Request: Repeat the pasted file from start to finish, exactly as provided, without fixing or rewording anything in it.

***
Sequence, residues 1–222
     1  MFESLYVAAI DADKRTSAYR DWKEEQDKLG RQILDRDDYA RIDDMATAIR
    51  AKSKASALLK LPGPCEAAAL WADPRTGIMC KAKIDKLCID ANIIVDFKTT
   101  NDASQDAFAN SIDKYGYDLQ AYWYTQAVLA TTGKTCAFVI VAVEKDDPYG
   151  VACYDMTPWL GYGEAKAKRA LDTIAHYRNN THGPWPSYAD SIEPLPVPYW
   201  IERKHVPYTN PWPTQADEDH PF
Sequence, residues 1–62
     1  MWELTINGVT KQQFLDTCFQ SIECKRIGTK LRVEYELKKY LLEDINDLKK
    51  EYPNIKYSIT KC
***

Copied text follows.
Sequence, residues 1–222
     1  MFESLYVAAI DADKRTSAYR DWKEEQDKLG RQILDRDDYA RIDDMATAIR
    51  AKSKASALLK LPGPCEAAAL WADPRTGIMC KAKIDKLCID ANIIVDFKTT
   101  NDASQDAFAN SIDKYGYDLQ AYWYTQAVLA TTGKTCAFVI VAVEKDDPYG
   151  VACYDMTPWL GYGEAKAKRA LDTIAHYRNN THGPWPSYAD SIEPLPVPYW
   201  IERKHVPYTN PWPTQADEDH PF
Sequence, residues 1–62
     1  MWELTINGVT KQQFLDTCFQ SIECKRIGTK LRVEYELKKY LLEDINDLKK
    51  EYPNIKYSIT KC